Movie score geekout

It’s that time of year when I write a lot of posts about movies! This will be a quick one. I’m not sure if I’ve mentioned this fact on my blog, but I’m kind of a movie score connoisseur. I’m the person who tells my friends, whether they care or not, that the same person who composed the score to Forrest Gump also composed the score to Captain America (that’s Alan Silvestri).  I have a favorite film composer, Thomas Newman, whose beautiful score was one of the many wonderful things about Saving Mr. Banks, a movie everyone should go see.

But for the past couple of days, I’ve been thinking a lot about Patrick Doyle, an underrated composer best known for scoring many of Kenneth Branagh’s films, although he’s done much more.  Although Doyle has composed a few quiet, subtle scores, such as the piano-driven Sense and Sensibility soundtrack, he is at his best when he’s in his joyful and triumphant mode.  For me, a movie score can be just as good as a rock concert for a fist-pumping, adrenaline-rushing  moment, and when I want that, I often turn to Patrick Doyle.  Here is a list of my top five life-affirming P. Doyle tracks.  In most cases, the track I mention is at the very end of the movie.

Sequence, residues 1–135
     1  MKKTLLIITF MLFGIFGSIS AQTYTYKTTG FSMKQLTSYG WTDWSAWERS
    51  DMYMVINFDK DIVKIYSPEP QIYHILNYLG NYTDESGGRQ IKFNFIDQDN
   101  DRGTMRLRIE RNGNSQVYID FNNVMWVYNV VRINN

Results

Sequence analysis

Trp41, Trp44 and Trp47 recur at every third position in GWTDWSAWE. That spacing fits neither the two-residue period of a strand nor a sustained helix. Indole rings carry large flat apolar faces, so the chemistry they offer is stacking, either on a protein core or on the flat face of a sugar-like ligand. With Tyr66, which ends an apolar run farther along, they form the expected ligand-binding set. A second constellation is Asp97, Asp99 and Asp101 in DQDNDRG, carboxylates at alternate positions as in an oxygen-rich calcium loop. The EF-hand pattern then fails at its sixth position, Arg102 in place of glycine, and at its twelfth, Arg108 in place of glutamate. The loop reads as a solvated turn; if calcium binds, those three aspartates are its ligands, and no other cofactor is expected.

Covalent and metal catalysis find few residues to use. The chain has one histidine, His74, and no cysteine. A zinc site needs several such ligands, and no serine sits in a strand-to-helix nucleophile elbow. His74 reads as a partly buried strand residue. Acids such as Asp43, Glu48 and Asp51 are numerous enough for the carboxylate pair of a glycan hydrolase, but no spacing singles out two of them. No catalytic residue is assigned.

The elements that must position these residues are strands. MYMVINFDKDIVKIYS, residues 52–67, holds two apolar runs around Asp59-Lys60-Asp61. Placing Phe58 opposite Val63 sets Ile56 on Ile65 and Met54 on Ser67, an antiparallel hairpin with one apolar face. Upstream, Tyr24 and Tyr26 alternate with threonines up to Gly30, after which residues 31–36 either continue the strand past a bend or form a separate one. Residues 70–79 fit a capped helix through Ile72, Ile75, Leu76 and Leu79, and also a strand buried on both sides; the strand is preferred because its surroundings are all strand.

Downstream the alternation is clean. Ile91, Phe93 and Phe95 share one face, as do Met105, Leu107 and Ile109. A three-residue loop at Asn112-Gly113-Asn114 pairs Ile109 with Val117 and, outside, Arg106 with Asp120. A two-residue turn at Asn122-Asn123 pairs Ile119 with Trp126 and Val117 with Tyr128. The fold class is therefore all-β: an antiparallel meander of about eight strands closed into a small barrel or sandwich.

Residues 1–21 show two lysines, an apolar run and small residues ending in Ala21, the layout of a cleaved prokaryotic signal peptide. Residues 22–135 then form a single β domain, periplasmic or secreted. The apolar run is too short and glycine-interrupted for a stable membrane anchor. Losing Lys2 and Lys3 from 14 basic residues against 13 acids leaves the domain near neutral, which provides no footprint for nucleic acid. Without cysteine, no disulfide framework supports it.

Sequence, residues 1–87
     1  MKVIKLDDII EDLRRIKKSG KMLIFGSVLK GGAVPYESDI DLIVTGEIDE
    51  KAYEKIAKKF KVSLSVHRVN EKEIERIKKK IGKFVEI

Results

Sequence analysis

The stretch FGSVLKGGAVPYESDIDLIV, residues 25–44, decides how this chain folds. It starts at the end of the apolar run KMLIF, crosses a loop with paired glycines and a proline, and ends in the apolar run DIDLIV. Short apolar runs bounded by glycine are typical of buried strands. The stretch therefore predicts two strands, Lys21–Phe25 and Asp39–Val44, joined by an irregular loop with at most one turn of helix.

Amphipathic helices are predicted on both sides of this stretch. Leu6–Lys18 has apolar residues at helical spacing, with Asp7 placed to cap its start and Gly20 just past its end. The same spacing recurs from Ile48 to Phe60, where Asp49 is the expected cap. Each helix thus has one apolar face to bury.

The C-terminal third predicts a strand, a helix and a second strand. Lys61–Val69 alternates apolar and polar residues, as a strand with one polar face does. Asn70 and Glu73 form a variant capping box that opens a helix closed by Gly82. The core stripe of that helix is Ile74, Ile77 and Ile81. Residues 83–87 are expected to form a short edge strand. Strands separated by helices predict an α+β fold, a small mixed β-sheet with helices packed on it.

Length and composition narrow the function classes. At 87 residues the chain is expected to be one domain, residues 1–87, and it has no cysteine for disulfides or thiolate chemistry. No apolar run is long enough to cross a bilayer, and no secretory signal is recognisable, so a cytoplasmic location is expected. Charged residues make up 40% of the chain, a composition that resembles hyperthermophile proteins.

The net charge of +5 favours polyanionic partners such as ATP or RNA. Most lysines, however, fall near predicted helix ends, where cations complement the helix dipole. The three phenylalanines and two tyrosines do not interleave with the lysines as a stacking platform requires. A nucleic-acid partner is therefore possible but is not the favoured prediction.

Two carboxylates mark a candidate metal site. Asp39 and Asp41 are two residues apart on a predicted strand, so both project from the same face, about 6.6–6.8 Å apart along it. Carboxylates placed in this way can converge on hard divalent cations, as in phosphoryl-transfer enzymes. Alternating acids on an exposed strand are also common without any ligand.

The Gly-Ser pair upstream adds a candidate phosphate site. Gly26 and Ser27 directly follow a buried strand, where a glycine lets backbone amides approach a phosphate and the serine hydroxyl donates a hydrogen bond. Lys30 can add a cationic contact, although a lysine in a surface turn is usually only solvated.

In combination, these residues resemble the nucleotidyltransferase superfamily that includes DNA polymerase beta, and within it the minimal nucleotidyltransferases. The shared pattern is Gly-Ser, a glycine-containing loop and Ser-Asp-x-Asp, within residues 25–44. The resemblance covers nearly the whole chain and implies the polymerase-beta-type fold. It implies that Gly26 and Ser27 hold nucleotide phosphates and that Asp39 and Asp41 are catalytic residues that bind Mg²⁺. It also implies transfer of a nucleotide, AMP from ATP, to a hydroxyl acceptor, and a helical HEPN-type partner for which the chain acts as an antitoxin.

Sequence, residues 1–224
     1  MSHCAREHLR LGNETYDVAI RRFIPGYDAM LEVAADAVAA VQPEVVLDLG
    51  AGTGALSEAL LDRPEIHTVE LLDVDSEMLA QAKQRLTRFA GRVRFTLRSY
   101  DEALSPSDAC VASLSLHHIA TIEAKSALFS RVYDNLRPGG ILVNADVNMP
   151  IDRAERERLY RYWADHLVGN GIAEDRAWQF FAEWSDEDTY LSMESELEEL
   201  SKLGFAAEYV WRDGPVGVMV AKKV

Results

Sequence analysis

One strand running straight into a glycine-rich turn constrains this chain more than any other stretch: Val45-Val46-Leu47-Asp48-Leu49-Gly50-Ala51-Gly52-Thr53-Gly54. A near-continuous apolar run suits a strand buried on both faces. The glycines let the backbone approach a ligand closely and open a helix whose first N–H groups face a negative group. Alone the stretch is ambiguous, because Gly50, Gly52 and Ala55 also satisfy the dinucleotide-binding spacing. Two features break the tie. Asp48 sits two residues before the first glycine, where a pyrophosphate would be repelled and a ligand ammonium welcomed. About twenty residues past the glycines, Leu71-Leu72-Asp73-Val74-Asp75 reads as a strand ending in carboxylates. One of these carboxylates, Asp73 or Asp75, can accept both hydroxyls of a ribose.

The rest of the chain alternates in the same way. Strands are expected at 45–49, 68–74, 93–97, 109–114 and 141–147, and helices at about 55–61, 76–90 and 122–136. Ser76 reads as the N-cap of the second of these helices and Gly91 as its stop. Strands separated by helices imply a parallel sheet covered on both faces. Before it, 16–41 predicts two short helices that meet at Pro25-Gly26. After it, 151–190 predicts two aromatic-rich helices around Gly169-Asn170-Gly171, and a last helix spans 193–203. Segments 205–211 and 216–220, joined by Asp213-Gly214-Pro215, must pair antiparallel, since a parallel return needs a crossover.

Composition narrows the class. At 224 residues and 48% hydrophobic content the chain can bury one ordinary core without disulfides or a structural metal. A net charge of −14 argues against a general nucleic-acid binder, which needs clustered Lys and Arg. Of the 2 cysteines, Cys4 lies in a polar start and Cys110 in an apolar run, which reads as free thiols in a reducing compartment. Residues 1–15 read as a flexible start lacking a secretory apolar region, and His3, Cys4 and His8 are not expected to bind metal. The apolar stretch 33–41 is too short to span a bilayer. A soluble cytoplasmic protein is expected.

1. “Merida’s Home” from Brave

2. “Thor Kills the Destroyer” from Thor

3. “Strike Up Pipers” from Much Ado about Nothing (1993) Note: Spotify lists the composer of this soundtrack as “David Snell.”  This is base slander.  I have no idea who David Snell is.

4. something from Harry Potter and the Goblet of Fire.  I couldn’t pick a favorite track here; they are all great.  I love “Hogwarts’ Hymn,” from the credits, but it’s not quite the “fist-pumping” experience I described above.

5. “Papa!” (starting about 1:30) from A Little Princess, which I only recently realized that Patrick Doyle scored.

 

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4 thoughts on “Movie score geekout

  1. I chuckled aloud at your accusations of base slander. Movie music, in general, does not receive enough credit for how much it can make a so-so movie so much better and a good movie, great!

  2. I should also mention James Horner. His emotionally pitch-perfect use of bagpipes in the scores to two of the greatest movies of the 1990s, Braveheart and Titanic, tears my heart out every time. He also scored my childhood favorite movie, An American Tail, and penned its sweet theme song, “Somewhere out There.”

  3. Sondra says:

    Alan Silvestri is fantastic also (I called the poor man “Alvin” for years). The composers make the movies! Hats off to all the greats.

    • I was disappointed that Alan Silvestri didn’t do The Winter Soldier. Also, Patrick Doyle didn’t do Thor: The Dark World. What is with these great composers bailing out of our Avenger movies?

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